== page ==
When is the right time to do your estate planning? This is a common question but it misrepresents what exactly estate planning is by portraying it as a single event that just needs to be done once during our lives. Instead of thinking of estate planning as a single event, look at it like a process that changes as we change. An estate plan that contains all our important wishes and instructions can provide valuable piece of mind. As we change and our priorities change, so should our estate planning.
One fundamental part of estate planning includes naming a person or persons to act on your own behalf, so that those you love will have clear authority and instructions as to your wishes. Without these instructions and appointments, family members generally would need to obtain a court order before they may act on your behalf. You also may appoint a trusted person to be a guardian for your minor children. Not only do these appointments and instructions save time and money, it allows you, rather than some court, to name the person you trust the most to make those critical decisions.
Estate planning also allows you to name whatever beneficiaries you wish in whatever way you think is best. You can even leave assets for your beneficiaries in ways that can be protected from their creditors, divorcing spouses, and other liabilities they might have. Without these instructions and protections, your beneficiaries will be defined by law and those beneficiaries would likely need court approval through probate before they are able to inherit anything and what they end up inheriting may be taken away from them by creditors.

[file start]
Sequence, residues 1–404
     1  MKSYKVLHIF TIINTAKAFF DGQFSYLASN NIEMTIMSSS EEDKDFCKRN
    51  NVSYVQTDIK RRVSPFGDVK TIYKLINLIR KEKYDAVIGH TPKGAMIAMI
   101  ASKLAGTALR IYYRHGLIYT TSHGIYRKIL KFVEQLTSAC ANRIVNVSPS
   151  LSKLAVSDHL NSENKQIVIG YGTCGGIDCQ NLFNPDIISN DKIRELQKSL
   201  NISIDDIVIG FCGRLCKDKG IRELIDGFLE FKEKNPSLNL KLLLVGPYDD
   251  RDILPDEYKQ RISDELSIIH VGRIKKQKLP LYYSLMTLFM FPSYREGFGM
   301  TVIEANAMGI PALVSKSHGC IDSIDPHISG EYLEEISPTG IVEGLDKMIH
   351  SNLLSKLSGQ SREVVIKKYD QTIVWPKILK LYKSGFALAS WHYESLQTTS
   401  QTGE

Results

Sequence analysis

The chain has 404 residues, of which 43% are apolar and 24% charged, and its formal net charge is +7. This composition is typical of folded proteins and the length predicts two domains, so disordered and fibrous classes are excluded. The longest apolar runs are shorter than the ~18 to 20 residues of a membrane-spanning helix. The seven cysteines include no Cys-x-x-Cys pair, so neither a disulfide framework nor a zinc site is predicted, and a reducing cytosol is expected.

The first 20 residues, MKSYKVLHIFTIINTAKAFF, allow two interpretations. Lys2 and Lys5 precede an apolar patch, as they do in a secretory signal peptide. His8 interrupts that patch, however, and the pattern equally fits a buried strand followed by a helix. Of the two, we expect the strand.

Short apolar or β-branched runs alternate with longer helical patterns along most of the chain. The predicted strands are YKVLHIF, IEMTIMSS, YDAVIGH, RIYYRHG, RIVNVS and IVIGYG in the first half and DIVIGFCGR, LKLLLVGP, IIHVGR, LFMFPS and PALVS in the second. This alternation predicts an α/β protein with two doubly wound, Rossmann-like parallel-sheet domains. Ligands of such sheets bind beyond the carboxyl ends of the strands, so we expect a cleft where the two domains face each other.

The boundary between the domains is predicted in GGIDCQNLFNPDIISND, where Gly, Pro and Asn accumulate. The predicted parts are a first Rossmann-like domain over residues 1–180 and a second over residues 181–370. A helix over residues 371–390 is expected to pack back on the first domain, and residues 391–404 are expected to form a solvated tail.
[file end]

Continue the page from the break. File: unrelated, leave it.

Often our younger clients are concerned about mortgage payments, guardian for minor children, and asset protection from working activity. Our older clients often prefer different things such as the surety that their intentions will be followed and added protections against things like Medicaid liens. Because everyone’s goals are different, we take time to understand goals and concerns and generate a plan that specifically addresses these important issues.
Getting the opinion of an estate planning attorney or Medicaid attorney at Priority Law can provide valuable information, protections, and assistance. Contact us today for a complimentary meeting by phone or in person at email@example.com or 801-960-2750.